O’Malley stepped up his actual leave date, rendering the issue moot and causing the legal case to be dropped.
Trent’s resignation came the day she announced it, so there was no delay between announcement and vacancy.
Showacre’s departure is different. He announced his plans to leave earlier this month, giving Halloween as his official last day.
The Albany County Commission — now controlled by Democrats — received Showacre’s resignation letter Tuesday, but they will likely not recognize the vacancy until Nov. 2. That would give the Democrats until mid-November to find their three replacement finalists.
The Democratic Party is grateful for the longer timeframe, Murthy said, and has already opened applications.
But is Showacre actually still serving as the county assessor?
Missing in action?
Showacre was not present at the commission meeting Tuesday, and he could not be reached for comment this week. Showacre has been non-responsive to reporter inquiries in the past, but this week, multiple emails to his official county email went unreturned, and calls to the assessor’s office have been fielded by his second-in-command.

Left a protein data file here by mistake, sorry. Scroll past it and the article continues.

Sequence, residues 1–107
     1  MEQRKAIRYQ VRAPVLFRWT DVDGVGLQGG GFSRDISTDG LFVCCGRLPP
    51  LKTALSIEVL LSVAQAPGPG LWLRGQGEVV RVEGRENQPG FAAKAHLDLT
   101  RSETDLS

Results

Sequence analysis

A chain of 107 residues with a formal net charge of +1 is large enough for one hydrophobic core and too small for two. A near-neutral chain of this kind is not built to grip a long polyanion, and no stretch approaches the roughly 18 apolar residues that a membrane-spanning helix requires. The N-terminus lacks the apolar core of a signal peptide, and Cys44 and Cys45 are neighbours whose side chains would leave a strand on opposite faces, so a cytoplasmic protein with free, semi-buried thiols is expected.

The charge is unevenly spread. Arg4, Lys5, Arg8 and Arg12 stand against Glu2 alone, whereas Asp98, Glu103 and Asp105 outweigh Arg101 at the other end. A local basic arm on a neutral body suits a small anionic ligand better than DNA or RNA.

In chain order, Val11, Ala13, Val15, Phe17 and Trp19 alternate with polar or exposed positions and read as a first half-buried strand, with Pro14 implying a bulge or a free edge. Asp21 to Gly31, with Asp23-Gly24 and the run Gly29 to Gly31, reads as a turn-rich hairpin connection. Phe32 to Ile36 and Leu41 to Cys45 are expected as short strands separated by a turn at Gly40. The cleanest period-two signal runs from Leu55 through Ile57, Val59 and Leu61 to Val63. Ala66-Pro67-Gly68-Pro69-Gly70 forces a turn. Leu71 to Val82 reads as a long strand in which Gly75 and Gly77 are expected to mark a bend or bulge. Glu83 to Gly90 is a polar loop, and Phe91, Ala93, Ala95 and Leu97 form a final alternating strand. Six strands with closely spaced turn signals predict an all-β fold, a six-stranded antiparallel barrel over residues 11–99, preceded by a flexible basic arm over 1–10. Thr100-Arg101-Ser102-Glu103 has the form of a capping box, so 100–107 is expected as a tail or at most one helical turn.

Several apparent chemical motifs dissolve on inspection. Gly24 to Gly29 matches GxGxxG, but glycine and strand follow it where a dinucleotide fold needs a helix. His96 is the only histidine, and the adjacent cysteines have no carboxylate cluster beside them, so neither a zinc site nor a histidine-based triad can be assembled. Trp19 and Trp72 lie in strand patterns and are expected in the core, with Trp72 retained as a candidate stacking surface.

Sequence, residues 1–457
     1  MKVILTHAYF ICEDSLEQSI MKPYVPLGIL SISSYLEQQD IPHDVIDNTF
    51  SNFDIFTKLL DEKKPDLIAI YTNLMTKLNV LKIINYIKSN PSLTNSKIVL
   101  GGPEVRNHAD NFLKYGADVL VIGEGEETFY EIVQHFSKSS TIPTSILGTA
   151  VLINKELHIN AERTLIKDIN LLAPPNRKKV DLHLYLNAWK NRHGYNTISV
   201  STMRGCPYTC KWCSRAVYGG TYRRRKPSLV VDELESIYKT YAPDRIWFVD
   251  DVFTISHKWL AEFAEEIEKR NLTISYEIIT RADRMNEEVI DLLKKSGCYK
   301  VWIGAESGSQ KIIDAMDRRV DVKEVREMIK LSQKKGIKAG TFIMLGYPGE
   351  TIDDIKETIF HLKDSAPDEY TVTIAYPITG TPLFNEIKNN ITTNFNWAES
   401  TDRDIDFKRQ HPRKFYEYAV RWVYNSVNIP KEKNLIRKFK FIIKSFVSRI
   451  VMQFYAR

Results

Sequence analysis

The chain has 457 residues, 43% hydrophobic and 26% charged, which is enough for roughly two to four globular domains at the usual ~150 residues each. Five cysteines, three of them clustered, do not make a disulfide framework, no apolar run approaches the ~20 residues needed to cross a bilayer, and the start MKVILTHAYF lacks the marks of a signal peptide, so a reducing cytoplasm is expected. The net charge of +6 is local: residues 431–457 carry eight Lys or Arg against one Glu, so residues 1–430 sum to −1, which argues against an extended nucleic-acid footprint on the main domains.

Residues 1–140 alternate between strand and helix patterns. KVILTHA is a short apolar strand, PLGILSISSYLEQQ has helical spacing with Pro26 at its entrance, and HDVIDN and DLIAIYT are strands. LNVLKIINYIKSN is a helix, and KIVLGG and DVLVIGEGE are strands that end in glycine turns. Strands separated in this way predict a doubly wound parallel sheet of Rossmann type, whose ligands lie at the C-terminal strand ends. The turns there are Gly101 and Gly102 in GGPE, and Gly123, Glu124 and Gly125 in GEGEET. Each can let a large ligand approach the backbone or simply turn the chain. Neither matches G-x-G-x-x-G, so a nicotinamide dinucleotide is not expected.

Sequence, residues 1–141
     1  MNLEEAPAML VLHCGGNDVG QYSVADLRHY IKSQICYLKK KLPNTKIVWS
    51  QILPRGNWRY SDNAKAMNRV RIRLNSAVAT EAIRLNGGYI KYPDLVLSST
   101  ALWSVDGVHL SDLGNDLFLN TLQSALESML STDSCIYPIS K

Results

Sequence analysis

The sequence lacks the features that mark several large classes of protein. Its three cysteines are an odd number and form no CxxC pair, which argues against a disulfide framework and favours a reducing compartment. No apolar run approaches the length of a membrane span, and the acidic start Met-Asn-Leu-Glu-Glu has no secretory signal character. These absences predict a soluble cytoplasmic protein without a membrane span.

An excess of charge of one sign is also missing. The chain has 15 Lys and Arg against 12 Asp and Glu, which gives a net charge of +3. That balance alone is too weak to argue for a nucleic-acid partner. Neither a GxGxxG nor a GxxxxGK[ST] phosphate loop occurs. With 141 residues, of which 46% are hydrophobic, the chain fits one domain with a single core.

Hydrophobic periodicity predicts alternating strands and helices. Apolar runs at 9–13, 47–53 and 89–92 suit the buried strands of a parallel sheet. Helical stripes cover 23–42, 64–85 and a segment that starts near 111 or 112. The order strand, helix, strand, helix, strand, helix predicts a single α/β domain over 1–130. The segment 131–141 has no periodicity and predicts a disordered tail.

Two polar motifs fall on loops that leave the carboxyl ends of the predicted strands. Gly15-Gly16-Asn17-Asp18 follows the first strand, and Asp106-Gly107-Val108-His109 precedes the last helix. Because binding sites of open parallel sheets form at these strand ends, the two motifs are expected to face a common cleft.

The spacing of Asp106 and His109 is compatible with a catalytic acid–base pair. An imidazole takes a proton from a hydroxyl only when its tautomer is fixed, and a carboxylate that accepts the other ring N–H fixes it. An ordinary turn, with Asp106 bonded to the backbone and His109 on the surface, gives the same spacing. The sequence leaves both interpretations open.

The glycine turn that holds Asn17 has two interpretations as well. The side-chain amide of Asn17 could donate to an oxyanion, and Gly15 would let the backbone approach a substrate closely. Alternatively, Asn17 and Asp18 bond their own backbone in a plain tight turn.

Showacre’s earlier-than-announced departure will not change anything about the process, unless courts order it, said County Commission Chair Pete Gosar.
“It’s not very well understood that we are a peer of every elected official,” he said. “So, there’s not much we can do.”
For the time being, the responsibilities of the county assessor fall to Deputy County Assessor Chelsie Mathews, who confirmed that Showacre is already gone.
“As deputy, with that title, comes the responsibility of stepping in when he is absent,” she said. “But I am not officially assessor.”
Mathews said she will “most definitely” put her name in the ring to be the next assessor. And she certainly has Showacre’s endorsement. Most of his letter of resignation is devoted to offering that endorsement.
“She has been my Deputy (for more) than a decade,” the letter reads. “Not (choosing) her over any one else would be a mistake. She is smart. She understands the job much better than anyone else I know. To not choose her would be a mistake.”
No matter when Showacre’s vacancy really began, the replacement process will likely proceed using the official resignation date of Oct. 31.